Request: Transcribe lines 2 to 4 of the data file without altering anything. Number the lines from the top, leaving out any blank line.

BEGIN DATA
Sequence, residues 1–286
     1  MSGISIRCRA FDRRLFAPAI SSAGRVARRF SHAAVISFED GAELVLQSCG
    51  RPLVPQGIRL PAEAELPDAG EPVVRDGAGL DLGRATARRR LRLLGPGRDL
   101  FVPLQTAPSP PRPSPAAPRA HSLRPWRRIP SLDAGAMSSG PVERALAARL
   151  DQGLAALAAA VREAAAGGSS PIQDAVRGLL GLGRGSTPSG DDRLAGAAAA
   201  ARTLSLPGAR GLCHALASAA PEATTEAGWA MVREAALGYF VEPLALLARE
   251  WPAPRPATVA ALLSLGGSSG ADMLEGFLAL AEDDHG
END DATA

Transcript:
     1  MSGISIRCRA FDRRLFAPAI SSAGRVARRF SHAAVISFED GAELVLQSCG
    51  RPLVPQGIRL PAEAELPDAG EPVVRDGAGL DLGRATARRR LRLLGPGRDL
   101  FVPLQTAPSP PRPSPAAPRA HSLRPWRRIP SLDAGAMSSG PVERALAARL